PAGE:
Curator Souleo has faith in other artists. If there is a charity benefit, you can count on his support, plus Souleo shares the love.
Roselyn Coleman Williams developed the app “Acting in the Digital Age: An Actor’s Guide to Finding Work in New Media” to help actors maneuver and succeed in the digital age. Right now, it’s free.
This past weekend, those faith power players broke “spiritual, creative and financial bread” at the Merge Summit, one of the largest events for people of faith, held in Los Angeles at the Millennium Biltmore Hotel.
Steve McQueen shares his thoughts on Harlem after recent casting call.
Thomas Allen Harris’ documentary “Through a Lens Darkly,” which begins a two-week engagement in New York City, is inspired by the book “Reflections in Black: A History of Black Photographers 1840 to the Present,” shared the film’s producer, Deborah Willis.
The very first words that I heard from Broadway star, theatrical producer and stage director Luis Salgado were aimed at a group of sweaty kids, stuffed like happy sardines inside a smelly rehearsal studio. “Can you achieve your life’s goals?” Salgado shouted, bouncing around the Broadway space like a live firecracker. “Can you make your dreams come true? Yes or yes!”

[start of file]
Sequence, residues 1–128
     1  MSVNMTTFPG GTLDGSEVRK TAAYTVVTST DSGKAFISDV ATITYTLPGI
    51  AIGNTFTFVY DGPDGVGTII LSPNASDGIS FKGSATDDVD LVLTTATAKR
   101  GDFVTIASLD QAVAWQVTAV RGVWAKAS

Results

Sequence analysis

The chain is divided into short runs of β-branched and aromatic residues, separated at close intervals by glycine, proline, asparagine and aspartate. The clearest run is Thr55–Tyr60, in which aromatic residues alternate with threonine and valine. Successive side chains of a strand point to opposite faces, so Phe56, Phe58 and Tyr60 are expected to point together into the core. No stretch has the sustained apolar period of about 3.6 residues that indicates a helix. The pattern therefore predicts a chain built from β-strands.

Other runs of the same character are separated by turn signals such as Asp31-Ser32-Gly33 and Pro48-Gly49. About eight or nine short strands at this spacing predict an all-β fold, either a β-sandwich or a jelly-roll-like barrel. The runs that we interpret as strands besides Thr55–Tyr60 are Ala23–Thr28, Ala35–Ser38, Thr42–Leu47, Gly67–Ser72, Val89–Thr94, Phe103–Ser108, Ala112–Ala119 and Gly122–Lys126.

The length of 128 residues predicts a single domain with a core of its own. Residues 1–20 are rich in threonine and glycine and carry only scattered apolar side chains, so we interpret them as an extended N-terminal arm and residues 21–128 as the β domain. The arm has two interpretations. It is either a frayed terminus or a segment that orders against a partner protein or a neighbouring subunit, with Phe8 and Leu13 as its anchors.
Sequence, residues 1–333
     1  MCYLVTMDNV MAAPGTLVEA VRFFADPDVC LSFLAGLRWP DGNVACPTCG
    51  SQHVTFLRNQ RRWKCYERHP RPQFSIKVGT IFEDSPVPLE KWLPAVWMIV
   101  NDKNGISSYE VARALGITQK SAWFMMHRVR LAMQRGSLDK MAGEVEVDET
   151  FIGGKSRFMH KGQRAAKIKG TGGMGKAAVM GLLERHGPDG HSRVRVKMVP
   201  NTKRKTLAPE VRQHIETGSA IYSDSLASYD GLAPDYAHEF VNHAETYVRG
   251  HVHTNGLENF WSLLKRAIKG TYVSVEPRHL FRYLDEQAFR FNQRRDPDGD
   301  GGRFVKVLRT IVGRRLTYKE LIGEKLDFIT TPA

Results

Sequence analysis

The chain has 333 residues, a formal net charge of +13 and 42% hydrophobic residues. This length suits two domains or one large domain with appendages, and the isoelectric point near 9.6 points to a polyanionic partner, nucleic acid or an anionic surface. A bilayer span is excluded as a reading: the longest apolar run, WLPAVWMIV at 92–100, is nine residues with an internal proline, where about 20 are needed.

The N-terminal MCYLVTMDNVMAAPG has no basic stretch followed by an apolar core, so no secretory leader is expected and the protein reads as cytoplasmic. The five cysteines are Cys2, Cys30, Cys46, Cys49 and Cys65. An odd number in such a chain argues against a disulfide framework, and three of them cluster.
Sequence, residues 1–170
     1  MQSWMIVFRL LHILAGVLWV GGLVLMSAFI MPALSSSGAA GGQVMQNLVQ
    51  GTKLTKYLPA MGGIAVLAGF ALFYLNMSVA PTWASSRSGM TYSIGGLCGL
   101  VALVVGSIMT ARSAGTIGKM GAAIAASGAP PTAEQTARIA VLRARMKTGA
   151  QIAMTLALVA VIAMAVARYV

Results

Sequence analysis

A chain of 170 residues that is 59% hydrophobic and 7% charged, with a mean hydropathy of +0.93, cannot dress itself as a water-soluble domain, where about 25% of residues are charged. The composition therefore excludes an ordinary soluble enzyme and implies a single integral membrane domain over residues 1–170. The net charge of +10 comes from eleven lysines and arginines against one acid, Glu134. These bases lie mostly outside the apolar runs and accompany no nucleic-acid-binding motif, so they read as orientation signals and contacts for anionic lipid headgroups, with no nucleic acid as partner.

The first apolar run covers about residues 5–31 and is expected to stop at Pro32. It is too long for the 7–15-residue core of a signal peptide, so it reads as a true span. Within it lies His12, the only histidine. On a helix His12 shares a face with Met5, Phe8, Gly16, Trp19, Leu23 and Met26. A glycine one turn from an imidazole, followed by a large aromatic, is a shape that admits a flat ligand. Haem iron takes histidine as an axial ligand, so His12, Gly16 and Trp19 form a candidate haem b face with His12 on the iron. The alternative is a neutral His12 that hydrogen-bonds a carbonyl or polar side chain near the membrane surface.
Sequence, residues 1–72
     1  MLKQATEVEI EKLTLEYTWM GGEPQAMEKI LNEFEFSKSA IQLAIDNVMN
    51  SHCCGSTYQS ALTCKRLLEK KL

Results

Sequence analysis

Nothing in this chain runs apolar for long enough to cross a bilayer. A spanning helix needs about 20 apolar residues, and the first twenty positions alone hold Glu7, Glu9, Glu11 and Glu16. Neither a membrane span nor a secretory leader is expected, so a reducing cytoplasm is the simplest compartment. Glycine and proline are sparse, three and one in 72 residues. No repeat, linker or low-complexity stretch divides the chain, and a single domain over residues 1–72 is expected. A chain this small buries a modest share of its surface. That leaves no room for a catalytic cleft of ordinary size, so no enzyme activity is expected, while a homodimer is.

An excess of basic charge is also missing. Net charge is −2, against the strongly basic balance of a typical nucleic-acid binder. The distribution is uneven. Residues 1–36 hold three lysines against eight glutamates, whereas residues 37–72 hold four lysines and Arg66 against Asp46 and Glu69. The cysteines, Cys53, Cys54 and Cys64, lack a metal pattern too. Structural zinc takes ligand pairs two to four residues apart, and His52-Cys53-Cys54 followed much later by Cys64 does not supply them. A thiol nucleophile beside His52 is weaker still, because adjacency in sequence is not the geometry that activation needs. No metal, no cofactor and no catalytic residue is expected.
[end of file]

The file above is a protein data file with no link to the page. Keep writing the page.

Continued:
“Let’s Be Cops” is being positioned as the “ultimate buddy cop movie”—except that the leads, Justin Miller (Damon Wayans Jr.) and Ryan O’Malley (Jake Johnson), aren’t cops!
Seun Kuti, 31, is the youngest son of musician/activist and founder of the Afrobeat rhythm, Fela Kuti. The new film about his father’s life and the making of the successful and Tony Award-winning musical, “Fela!,” is directed by Alex Gibney and executive produced by Stephen Hendel and Ruth Hendel (the producers of the Broadway stage production). The film opens Aug. 1.
The biopic “Get on Up,” based on the life of the legendary James Brown, marks director Tate Taylor’s first project since the four-time Oscar-nominated film “The Help.” It stars Chadwick Boseman (“42”) in the title role.
“Get on Up” is an excellent peek inside the fascinating life of the undeniably brilliant funk-soul legend, James Brown, a complex man who displayed as many quirky personalities and personas as he did colorful nicknames and honorary titles.